Bucket List Movie #451: Boyz N the Hood (1991)
In 1991, John Singleton joined a very elite, very special group: the Wunderkind Directors Club. All right, you got me, I just made it up, but, darn it all, I think it should exist. Singleton, like Orson Welles and Stephen Spielberg before him, directed a successful, culturally significant film before the age of 30. Only 23 when he directed today's BLM, Boyz N the Hood, he was nominated the following year for the Best Director Academy Award, a full two years younger than Welles was when he was nominated decades prior.
But it's wasteful to just focus on Singleton's youth when he directed his magnum opus: Nearly a quarter of a century after its release (feel old yet? I do), Boyz N the Hood still feels fresh and relevant. Naturalistic, simple, and not a single embellishment to cushion its emotional impact, Boyz N the Hood holds up beautifully as not only good-old fashioned storytelling, but an unforgiving, thought-provoking expose on the lives of urban youth in brutal, early '90s South Central.
The film opens in 1984, and young Tre Styles ( Desi Arnez Hines II) has been sent to live with his father, Furious, (Laurence Fishburne) after disrupting his class once again. To be fair, his teacher was blandly droning on about the utterly false story of Thanksgiving, so it's hard for me to fault the kid. If Tre's old neighborhood was hard (in a sneaky parallel to Stand By Me, Tre takes his friends to see a dead body of someone recently shot), Furious's neighborhood is even worse. Break-ins, shootings, ineffectual police, and drug dealers are a way of life. If bullies take your things, well, you're up the creek. When a crackhead's toddler wanders into the street, she is retrieved and taken to safety without anyone batting an eye. If Tre and his friends Chris (Kenneth A. Brown), Doughboy (Baha Jackson), and Ricky (Donovan McCrary) haven't shed their innocence already, they're on the verge of doing so. Innocence isn't an option in a place like this.
Skip ahead seven years, and we see how our protagonists have grown: Tre (Cuba Gooding Jr.) is a reasonably clean-cut every-guy with a solid future. Doughboy (Ice Cube) has been released from prison, but is in no rush to leave his drug-dealing ways behind him. Ricky (Morris Chestnut), who is also Doughboy's half-brother, is a talented athlete with a shot at a football scholarship. He is also a young father of an infant, and his girlfriend lives at home with him. Chris (Regi Green) is now wheelchair-bound after a gunfight.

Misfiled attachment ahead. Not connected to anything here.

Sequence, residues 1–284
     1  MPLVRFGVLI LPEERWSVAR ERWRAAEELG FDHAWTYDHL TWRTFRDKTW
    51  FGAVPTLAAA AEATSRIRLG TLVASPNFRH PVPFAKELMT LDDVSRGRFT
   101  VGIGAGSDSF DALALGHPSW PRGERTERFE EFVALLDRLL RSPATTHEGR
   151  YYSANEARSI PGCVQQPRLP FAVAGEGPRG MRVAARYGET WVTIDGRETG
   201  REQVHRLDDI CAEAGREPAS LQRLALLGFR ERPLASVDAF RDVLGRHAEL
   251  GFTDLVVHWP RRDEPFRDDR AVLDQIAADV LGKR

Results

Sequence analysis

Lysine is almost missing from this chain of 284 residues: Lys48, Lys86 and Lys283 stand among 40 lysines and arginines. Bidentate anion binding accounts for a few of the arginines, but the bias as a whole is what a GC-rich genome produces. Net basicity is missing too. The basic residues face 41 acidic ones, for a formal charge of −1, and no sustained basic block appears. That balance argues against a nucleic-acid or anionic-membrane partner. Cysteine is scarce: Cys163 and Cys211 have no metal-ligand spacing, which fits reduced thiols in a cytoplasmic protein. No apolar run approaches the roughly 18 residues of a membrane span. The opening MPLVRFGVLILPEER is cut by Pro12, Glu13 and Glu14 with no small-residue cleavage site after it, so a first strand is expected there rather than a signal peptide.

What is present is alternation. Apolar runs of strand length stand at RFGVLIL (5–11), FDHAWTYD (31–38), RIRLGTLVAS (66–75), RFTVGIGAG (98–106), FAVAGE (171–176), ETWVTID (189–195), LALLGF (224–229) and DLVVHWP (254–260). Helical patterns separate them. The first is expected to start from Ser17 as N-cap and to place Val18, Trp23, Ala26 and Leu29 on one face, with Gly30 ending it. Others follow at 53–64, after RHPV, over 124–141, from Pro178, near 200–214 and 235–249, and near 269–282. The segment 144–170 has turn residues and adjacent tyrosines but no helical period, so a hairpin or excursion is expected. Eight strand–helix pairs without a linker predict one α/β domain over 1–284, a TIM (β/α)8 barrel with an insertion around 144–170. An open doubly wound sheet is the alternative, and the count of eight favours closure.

Boyz N the Hood is mainly a character study and slice-of-life parable, and Singleton, like any good writer, gives his audience credit by presenting his characters in an objective light so we can draw our own conclusions. Truthfully, though, every moment in Boyz N the Hood rings true because few characters are either completely good or completely bad. Tre is a boy scout compared to most of his friends, but he is just as prone to jerky, teenage douchebag behavior as anyone else, such as pressuring his Catholic girlfriend Brandi (Nia Long) to have sex. In fact, he is so ashamed of his virginity, he even tells his own father a phony anecdote about a one-night stand he had. Doughboy may be a reprobate who resents his mother's favoritism towards Ricky (can't fault him for that, either), but he also loves Ricky and would go to the ends of the earth to protect him. Furious is a smart, insightful man who raised a decent kid, but he is also prone to conspiracy theories and rather hypocritical behavior. I confess I have issues with a scene, early on in the film, where a burglar breaks into his house, and Furious aims a gun at the man, shoots… and misses. When Tre tells him he should have shot him, Furious then tells him that it would have been wrong, that it would have contributed to the death of another black man. Um, Furious? You had the gun, you aimed, and you fired, and most people don't aim and fire a gun with the intent to miss.